Teenager Ward Basking in Breakout Season, Leads Butler U-Pull-It Bombers
By Chuck Corder
What a difference a new ride makes.
Hunter Ward wishes he had a crystal ball last year.
All things considered, the 18 year old from Pensacola had a respectable 2013 season, which included his first two career Butler U-Pull-It Bombers wins at Five Flags Speedway.
But Ward fought that car’s handling night and day, both on and off the track. After a mid-season wreck finally did it in, Ward purchased the silver No. 1 that has already brought him two wins and the Bombers points lead in this young season.
“It has made a big difference,” he said. “I was fighting my old car so much, the frame was out of whack and it just didn’t work like it was supposed to anymore.
“I got this fresh-new car and I was, like, ‘Dang.’ My friends and I have been working with it and getting it to where we want it to be. If I would’ve known all that, I would’ve junked the old car a long time ago.”
Ward carries a 16-point lead over defending track champion Michael Nelson into the 20-lap Bombers feature on Friday.
The Super Late Models return for the Rubber and Specialties 125, the second of four Buddy’s Home Furnishings Blizzard Series races this season, along with the Modifieds and Sportsmen when the gates open at 4 p.m. Friday.
Admission is as follows: $15 for adults; $12 for seniors, students and military; $5 for children ages 6 to 11; free for kids under 6.
Despite a stepfather and stepbrother that raced as he grew up, Ward didn’t take an immediate interest in the sport until he was 11.
Junior Coleman, Ward’s stepdad, started the precocious youngster on dirt, but Ward quickly found himself on asphalt after a few years.
He has competed off and on at the famed half-mile asphalt oval for about seven years, and began racing a full schedule three seasons ago.
Ward scored his first win at Pensacola’s high banks last August, a bittersweet feeling knowing the man that got him started in the sport wasn’t there to witness it.
“I wish my stepdad had been alive to see it,” said Ward of Coleman, who died three years ago. “It probably was one of the happiest moments I’ve ever had. It took some relief off me.”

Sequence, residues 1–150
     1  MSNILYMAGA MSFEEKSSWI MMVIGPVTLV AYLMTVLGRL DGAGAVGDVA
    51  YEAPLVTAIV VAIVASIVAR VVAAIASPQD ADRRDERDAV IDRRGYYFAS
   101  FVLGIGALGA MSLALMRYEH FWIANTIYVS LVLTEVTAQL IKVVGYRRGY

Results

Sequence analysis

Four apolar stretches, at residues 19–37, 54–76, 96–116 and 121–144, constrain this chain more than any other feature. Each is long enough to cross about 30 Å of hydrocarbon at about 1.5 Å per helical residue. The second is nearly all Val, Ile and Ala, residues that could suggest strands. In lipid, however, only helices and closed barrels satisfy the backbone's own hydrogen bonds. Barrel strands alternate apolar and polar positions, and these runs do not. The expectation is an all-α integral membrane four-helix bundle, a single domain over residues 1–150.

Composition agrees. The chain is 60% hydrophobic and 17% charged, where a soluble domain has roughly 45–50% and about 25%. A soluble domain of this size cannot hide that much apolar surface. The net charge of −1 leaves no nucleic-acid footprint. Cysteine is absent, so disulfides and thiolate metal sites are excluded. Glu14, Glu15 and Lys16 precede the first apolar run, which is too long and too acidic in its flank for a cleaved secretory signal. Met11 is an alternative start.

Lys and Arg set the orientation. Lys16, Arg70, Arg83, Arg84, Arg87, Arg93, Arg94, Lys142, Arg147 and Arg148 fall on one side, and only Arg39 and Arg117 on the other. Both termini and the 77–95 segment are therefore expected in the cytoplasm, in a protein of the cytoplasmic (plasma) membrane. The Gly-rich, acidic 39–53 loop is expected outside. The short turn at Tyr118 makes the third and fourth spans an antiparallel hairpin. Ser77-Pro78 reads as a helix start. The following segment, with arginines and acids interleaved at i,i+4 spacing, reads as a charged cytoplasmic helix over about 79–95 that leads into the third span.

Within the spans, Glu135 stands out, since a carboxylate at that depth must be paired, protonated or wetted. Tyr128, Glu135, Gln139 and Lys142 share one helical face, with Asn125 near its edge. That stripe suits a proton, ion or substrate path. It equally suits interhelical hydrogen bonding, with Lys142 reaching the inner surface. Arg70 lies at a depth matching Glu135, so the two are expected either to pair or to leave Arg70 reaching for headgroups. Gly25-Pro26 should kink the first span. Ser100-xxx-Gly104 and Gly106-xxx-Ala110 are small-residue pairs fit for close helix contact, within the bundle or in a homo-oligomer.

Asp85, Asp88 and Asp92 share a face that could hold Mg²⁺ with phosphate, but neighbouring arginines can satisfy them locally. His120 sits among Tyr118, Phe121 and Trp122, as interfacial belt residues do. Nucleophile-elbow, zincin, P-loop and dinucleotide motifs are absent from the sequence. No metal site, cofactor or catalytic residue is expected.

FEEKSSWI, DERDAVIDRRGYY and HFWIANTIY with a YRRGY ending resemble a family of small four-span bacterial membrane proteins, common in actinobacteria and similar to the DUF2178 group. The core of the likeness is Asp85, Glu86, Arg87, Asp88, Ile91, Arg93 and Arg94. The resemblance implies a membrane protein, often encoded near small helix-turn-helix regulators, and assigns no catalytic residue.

For Ward, there’s one big mechanical factor that gives him relief on the racetrack.
“Handling,” he said bluntly. “Everybody thinks it’s power, power, power, but it’s all about handling. If the car doesn’t turn left like you need it to, you might as well hang it up. That’s the key.
“I’ve got everything I need to know in my head. If the car is tight, I know what to do loosen it up. And the other way around. I’m not gonna say I’ve perfected everything, but I have it down to a science.”
Off the track, there are multiple factors for his success. Those come in the form of his sponsors, some relationships of which his late stepfather paved the way for.
If his transmission goes down, Ward has Chuck at Chuck’s Transmission out in Fairhope, Ala., helping him out. Even if he doesn’t a whole lot about Chuck.
“I don’t know his last name,” Ward said with a chuckle. “I’ve known him since I was little, though.”
His mother, Shannon Coleman, and her employer, Carson’s Pawn and Gun, along with Auto Save Tire Center also serve as sponsors for the No. 1.
The time and expense of racing seems to be wearing on Ward these days.
A recent graduate of George Stone’s marine service technology program, Ward works full-time at Lou’s Marine in Gulf Breeze.
Finding the available hours at the end of day to make adjustments on his car has become increasingly challenging.
Ward’s thankful to have a close-knit group of friends that will either motivate him to turn wrenches or pick up the slack if Ward’s too exhausted.
“If it wasn’t for my friends, I would’ve missed a couple races,” he said. “I’ve been scared of getting into a wreck, so I don’t miss out.”
Ward’s aggressive driving has drawn the ire of some of his rivals. Former points leader Jerry Goff Jr. gave Ward a piece of his mind last month and some folks didn’t take too kindly to Ward driving 13-year-old former winner Ryan Worsham so tough two weeks ago.
Ward has no ill intentions when he’s up on the wheel and had some sound reasoning when questioned about his style.
“I do drive aggressively, but I would never, ever take someone out on purpose,” he said. “I drive aggressively because the goal is to win. And as much money as my mom and (all my sponsors) drop into it, I shouldn’t be wasting it and piddling around.”
Plus, the kid has a new ride.
Can you blame him for wanting to test its limits? He hasn’t found many yet